DM Rant: Gatekeepers, Critters and the New Paradigm

It’s the state of D&D these days that we sit in the balance of vastly different views of what it all actually is. Nothing is more indicative of this than a recent tweet by Dragonlance tomeist, Tracy Hickman. The top pic is a portrait of the second season of the critical Role characters with the words ‘Reject Modernity’ plastered over it. Under it is a picture of Dragonlance characters with ‘Embrace Tradition’. Now, although he’s taken it down and made clear his love of all eras of D&D, it stands indicative of an undercurrent of malcontent between two sides of a great divide concerning our favorite RPG.

It’s been heard since the onset of Fifth Edition; a disgruntled bit of nostalgia that pines for days gone by. The simplicity of 5E eludes them and they wish for the confounding complexity of former editions. I too have found it to be a bit lacking as the lore given is superficial and basic. This dismay has seen many rushing back to play the various editions that fueled their love for the game. It becomes a vast ‘back in my day’ rant for the ages. And I could be the worst of them seeing that I played 1E back in college.

But, adversely, the ever growing fanbase isn’t coming from earlier traditions. The new life that D&D is enjoying is thanks to many voices shouting from so many different medias. Critical Role has lead the charge and amassed an army and brought it to Wotc’s feet. And much of the new blood are, not only, new to Dungeons and Dragons, but RPGs as a whole. Therefore the simpler it is, the more fans can get on board. 5E becomes a win-win and a massive cash cow in these uncertain times.

For good or for ill, we have Critical Role and many other nerd outlets for bringing D&D back in a big way1

But, when actually considered, the offerings of both Critical Role and Dragonlance (and so many other resources across the ages) bring simultaneously similar and original ideas to the table. Both give us worlds to explore that are not our own and, especially, for those who have no time or imagination to create their own. They bring lore and stories that enrapture us and spur us to create our own story.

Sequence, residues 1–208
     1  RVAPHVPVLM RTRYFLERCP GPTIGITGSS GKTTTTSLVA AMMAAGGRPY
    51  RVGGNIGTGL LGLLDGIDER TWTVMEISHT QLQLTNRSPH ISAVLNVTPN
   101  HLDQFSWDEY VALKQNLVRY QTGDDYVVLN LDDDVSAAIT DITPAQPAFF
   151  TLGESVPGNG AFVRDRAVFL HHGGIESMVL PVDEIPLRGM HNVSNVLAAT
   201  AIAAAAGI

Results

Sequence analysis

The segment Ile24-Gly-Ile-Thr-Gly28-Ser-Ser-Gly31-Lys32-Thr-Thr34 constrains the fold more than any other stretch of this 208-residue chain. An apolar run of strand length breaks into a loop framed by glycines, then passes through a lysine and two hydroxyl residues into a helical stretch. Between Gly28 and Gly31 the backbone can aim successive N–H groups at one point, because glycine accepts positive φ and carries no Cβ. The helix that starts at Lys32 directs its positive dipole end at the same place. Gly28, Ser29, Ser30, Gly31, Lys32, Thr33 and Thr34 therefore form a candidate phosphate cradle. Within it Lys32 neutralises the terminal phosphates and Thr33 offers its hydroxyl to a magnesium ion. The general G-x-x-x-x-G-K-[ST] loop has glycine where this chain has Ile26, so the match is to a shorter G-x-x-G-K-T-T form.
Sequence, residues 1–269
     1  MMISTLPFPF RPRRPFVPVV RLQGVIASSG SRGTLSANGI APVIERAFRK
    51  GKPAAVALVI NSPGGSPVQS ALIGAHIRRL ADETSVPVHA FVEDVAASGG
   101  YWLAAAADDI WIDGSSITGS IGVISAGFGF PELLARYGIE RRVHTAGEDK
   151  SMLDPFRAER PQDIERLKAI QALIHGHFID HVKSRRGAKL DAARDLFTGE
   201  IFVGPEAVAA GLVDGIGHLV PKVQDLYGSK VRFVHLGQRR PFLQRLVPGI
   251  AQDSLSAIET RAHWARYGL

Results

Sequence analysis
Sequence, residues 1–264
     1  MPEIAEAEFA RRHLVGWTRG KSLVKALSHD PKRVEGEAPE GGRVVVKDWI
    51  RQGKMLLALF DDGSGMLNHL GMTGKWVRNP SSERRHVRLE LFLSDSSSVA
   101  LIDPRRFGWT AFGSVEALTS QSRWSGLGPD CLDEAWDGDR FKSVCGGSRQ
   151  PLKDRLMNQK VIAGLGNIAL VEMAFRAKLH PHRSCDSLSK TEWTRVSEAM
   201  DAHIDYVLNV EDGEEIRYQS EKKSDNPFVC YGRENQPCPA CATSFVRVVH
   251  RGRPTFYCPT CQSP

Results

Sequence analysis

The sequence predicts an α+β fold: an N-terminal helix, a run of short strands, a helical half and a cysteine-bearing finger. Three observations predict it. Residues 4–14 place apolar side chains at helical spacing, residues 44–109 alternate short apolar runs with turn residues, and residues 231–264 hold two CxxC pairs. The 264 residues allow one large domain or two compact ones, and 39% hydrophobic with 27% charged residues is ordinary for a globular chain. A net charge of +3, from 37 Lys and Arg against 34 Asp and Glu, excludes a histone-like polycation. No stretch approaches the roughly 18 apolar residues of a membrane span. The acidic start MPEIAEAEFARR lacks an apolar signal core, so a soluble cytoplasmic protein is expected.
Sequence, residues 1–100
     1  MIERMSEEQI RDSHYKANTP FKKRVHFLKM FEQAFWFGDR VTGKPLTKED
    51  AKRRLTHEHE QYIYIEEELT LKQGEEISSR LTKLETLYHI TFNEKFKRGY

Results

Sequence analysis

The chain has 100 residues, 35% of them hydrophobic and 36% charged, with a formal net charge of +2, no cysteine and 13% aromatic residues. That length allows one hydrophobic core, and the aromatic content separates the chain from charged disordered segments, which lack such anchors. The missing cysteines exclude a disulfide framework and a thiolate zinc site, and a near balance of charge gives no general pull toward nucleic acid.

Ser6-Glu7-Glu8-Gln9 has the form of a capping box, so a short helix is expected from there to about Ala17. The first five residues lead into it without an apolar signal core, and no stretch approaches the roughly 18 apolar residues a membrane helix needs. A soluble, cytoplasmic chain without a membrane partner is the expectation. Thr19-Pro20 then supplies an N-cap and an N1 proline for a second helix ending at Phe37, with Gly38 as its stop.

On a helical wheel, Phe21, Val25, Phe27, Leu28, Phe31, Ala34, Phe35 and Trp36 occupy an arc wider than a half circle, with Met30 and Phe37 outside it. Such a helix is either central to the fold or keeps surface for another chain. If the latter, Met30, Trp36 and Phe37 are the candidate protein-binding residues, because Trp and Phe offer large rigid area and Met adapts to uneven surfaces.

But, adversely, they are different medias and, therefore, bring different ‘things to the table’. Dragonlance, created by Tracy Hickman and Margeret Weis is a part of D&D history and will always be loved by a segment of the community. What we’re getting this year will be novels. While they don’t give us direct game material, they fuel our imaginations and feed games to come. Critical Role is a mix of the simplicity of a group of friends getting together and playing the game (which is the heart of its longevity) and the complexity of trained voice actors bringing it as theater to us every week.

What comes to the game is a diverse and complicated mass of players. You have those who grew up in whatever tradition they played in and it will always be their first love. But with online productions comes a love for the ‘cinema’ that is roleplaying that is a growing part of the game. Drama and storyline begin to take the forefront and I, for one, welcome it. BUT there is also something to be said for just getting together and playing for playing’s sake.

But where does that leave the ever growing gulf between them?

We saw this difference leer its ugly head when there were murmurings of doing something about racial traits and negative stereotypes inherent in D&D. Cruising Twitter and Facebook last year, you could see the divide deepen as each side ranted and threw stones from their perspective sides; much like some insane political rally. But, in the end, Tasha’s Cauldron of Everything brought us a brief mention in one paragraph that came across more like a suggestion than a rule.